Easy Paracord Tie Down

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Introduction: Easy Paracord Tie Down

Mechanical tie down straps are handy but are not as flexible or adaptable as a length of paracord. The trick with rope or cord as a tie down is to construct a series of knots that are secure but are still easy untie. I find the classic trucker's hitch a bit difficult so have put together my own version of the classic that I find to be quick, easy and secure. The two basic knots that will be used are the half hitch and the alpine butterfly. These are both easy to tie and untie and with some small practice can be done with very little light and in poor conditions.

Step 1: Cut Cord

The paracord can be cut to what ever length is convenient for your need. Paracord is a parallel core braided rope so it has a nylon sheath around 7 individual inner lines. This construction is flexible, durable and very strong. The easiest means to cut and seal the end of the cord is with a flame. Take care as the burning nylon fumes are noxious and the burnt end will remain hot for some time.

Step 2: Fixed End

The first knot I use is a pair of half hitches. Tie the first half hitch normal and the second right behind it and slipped.

Step 3: Tie Pulley

The second knot used is the alpine butterfly. This is a climber's knot that can be tied quickly and can take strain in either direction. The knot can also be untied easily after taking strain. 1) Take three turns around your fingers 2) Take the loop closest to your elbow and move it to to the outside (closest to your finger tips) 3) Repeat this step a second time with the new loop closest to your elbow 4) Pull the loop closest to your finger tips under the loops and work the knot into shape.

Step 4: Loop and Secure

Wrap the cord around the second binding point and back through the pulley. Pull the cord tight and secure against the pulley with a slipped half hitch. The following video shows tying and untying in real time.


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    15 Comments

    Thanks for the instructable. I always had a hard time with the "truckers hitch". I will definitely be using this knot in the future. Thanks again.

    1 reply

    My father taught me something very similar with a bowline and a slipped half hitch - I still use it to secure over-full folders in the office with a lenght of twine. One of the most useful knot I ever learned. Thanks for the instructable!

    1 reply

    Thank you. I appreciate your comments :)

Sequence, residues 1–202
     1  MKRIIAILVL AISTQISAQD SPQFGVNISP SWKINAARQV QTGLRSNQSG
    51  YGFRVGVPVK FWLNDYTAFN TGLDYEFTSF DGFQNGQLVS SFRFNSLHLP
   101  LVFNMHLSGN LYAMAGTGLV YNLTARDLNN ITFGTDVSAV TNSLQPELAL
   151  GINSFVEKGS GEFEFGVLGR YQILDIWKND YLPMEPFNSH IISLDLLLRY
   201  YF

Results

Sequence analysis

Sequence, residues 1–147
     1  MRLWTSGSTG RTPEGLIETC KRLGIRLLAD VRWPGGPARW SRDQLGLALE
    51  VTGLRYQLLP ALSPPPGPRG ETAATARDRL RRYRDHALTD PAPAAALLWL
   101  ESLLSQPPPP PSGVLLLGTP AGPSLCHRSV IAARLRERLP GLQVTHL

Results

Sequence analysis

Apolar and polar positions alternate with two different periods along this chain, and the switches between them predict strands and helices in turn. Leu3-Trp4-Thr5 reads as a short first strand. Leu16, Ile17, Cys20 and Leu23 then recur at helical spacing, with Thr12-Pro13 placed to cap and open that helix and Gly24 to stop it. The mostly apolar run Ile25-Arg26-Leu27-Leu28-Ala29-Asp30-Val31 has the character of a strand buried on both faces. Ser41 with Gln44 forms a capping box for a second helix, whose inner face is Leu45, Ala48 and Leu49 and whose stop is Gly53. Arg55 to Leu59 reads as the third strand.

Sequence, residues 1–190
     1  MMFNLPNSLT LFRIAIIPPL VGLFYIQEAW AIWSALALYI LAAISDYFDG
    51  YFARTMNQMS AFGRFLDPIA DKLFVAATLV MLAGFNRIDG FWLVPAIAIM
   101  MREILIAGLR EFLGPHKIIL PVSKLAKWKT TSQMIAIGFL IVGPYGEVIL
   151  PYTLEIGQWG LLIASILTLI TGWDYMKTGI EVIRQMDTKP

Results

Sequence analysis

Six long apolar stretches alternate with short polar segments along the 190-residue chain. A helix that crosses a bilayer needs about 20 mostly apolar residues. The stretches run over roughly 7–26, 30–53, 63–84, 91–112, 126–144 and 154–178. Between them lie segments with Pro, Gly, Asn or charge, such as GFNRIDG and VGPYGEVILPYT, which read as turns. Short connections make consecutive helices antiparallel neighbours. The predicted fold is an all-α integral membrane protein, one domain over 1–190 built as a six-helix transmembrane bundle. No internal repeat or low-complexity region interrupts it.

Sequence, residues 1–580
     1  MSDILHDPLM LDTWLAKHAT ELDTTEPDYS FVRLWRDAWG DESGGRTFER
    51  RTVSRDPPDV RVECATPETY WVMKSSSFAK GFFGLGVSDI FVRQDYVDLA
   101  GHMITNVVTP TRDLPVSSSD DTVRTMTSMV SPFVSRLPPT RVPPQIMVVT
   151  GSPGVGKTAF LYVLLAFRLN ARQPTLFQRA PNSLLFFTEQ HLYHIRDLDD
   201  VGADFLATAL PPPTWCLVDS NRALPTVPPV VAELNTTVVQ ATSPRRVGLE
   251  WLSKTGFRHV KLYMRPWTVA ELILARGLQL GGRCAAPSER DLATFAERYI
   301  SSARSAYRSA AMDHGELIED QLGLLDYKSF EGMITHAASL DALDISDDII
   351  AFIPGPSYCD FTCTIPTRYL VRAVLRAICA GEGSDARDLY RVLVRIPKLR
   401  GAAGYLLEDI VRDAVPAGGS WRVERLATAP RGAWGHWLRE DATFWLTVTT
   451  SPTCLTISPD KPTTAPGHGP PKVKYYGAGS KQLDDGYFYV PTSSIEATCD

Move along, nothing to see here. It's a tracker's hitch

    5 replies

    I think I understand your point.

    But for aficionados;) of knots, the butterfly trick is a good technique for the application; always looking for better knots.

    For some it's just a hobby to impress friends. Some knots are so simple they seem genius. Some are so complicated to suit a purpose that if I manage to create one, I'll completely forget how to do it then spend more time finding the instructions to do it again.

    I find it interesting, thinking of history, that there was some disgusted sailor, wagoner or logger slumped over the rope at wits end because his knots wouldn't hold or had made a mistake and then couldn't get it apart. Cutting a rope because of this seems like a waste of it.

    You might know this already. I'll offer a friendly challenge to brainstorm for another mod. It would be great; then I would have another knot to learn.

    Thanks for the reply,

    Cheers

    P.S. I still can't find a decent diagram to make a Sheep's Head. Any suggestions?

    Never heard of a tracker's hitch. Maybe you meant a trucker's hitch. You can learn more about the trucker's hitch and many of its variants, including this one, if you follow this link: http://en.m.wikipedia.org/wiki/Trucker%27s_hitch

    The alpine butterfly is a great mod to what IS called a "truckers hitch" or "knot."

    A trackers hitch is nothing but a rusty stationwagon.

    Misspelled it. I still don't see the point of this article though.

    Trucker's hitch is hard to tie? You must have learned a different hitch than I did.

    I like the integration of the alpine butterfly. That's a really strong knot and a good one to learn. When tying things down to my car, I prefer rope to ratchet straps because hitches like these are faster than straps and just as strong.

    I think that is called "The Trucker's Hitch" but I'm not sure, awesome Instructable!!

    1 reply

    Thaks, correct, the "original" is called a trucker's or wagoneer's hitch.

    Excellent tips! Especially the alpine butterfly, that's a new one to me. Logged that away mentally for future use. Thanks!

    1 reply

    Thanks, yes the alpine is really easy to tie and untie even after you put alot of tension on the line.